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Neurasthenia or nervous prostration anyone?

Neurasthenia. Recognise the term? No? Well, it was coined by George Beard, a 19th century neurologist, to describe what we would now call burnout – as we started to explore last week. So, nothing new then. Described thus –

A state of constant fatigue, loss of motivation and energy and often insomnia and muscle aches associated with general and persistent unhappiness. In the present state of knowledge, and in the absence of any evidence of a cause, the state described as neurasthenia is considered not to be of organic origin and, in particular, to have nothing to do with nerve function. (Collins Medical Dictionary)

Any of those symptoms ring true for you? Interestingly, most current medical dictionaries giving a definition concur that it was secondary to psychological factors not physical, and would now be known, in part, as stress.

It was also popularly called nervous prostration – imagine giving that answer in response to how you are feeling at your next work appraisal, or to concerned friends.

Further digging (this has really caught my imagination, as you can tell!) reveals that neurasthenia affected both men and women, and both upper and lower classes. According to a fascinating (and very long) article in the British Journal of Psychiatry, neurasthenia was a fashionable and highly prevalent disease that accounted for up to 11% of hospital discharges from the late 1890’s to 1930.

I came across a little questionnaire that enables you to work out your Burnout Quotient – how high your risk is of becoming burned out, which would presumably serve as a wake up call to do something about it. Symptoms listed include feeling

tired, depressed, physically and emotionally exhausted, wiped out,

trapped, worthless, weary, disillusioned, hopeless,

anxious, rejected, susceptible to illness

A sobering list, and one that, in itself, leaves me feeling quite flat. As humans, we are made for so much more than this, but it seems that life, and our choices in response to it, take over and can leave us burned out, to varying degrees.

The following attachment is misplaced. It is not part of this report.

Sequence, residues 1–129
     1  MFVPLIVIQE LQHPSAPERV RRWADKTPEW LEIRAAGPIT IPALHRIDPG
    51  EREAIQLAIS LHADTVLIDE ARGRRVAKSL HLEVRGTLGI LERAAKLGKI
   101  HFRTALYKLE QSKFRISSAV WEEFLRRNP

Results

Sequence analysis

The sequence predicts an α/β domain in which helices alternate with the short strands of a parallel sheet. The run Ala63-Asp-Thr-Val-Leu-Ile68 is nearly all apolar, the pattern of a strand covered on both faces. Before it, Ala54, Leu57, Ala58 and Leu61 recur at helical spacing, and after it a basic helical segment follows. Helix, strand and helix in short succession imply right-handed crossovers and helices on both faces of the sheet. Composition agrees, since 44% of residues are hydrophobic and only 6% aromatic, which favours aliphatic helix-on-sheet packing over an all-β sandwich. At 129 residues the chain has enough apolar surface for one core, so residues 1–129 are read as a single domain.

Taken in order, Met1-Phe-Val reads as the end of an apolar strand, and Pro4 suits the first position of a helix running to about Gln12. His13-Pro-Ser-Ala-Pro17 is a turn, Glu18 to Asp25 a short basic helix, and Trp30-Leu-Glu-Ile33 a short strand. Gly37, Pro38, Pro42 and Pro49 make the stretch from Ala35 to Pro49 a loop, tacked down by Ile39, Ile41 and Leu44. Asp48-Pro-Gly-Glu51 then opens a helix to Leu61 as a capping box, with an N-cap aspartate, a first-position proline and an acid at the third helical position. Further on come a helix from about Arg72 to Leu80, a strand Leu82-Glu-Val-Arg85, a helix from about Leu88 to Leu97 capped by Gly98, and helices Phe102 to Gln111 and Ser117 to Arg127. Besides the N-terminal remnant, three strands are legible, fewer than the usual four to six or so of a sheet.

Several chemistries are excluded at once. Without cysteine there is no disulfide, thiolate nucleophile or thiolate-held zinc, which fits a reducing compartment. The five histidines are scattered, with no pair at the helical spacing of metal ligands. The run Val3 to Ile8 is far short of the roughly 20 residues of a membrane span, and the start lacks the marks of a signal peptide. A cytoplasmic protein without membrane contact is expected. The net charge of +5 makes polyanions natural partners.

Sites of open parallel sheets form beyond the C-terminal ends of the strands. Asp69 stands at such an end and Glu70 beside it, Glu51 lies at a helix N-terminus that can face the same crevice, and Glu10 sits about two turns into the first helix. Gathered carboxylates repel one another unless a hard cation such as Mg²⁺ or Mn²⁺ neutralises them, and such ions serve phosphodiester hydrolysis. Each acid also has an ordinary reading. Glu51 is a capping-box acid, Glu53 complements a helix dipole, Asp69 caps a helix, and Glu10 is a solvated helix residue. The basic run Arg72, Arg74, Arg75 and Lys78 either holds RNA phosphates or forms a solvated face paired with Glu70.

So how do we respond? What do we do about it, and how do we prevent it in the first place?

In Victorian times, if you were suffering from neurasthenia, bed rest for neurastheniayou had worked yourself into a sickness from hard work, and you were then required to take some time off to recover. The commonest cure was rest. This might involve taking the waters at Bath, or somewhere similar. Interestingly, treatments varied for women and men.

Women were prescribed 6 to 8 weeks of strict bed rest, with firm instructions to avoid any mental or emotional excitement, correspondence or interruption from the outside world. There might even be a sneaky wee bed pan in the bed to avoid the need to get up at all.

Can you imagine?!

Women readers, think about your average day and all that involves. Then picture yourself stepping back from ALL of that and lying in bed. For 6 weeks. Men, imagine your partners or wives not doing all that they normally do, ceasing all correspondence or outside interruptions, and thus putting all that onto your shoulders (ooh, I hear a little trouble brewing for me!)

For men, at least American men, the directive was to go and rediscover their cowboy roots, to reconnect with nature and their wild inner men. And while that sounds like much more fun, remains equally impractical for the majority.

There must be another way? What is the point of all this?

I simply want to make you stop.

Pay attention to your own body, and what it is telling you.

If you have an inkling of neurasthenia, how are you going to rest?

 

 

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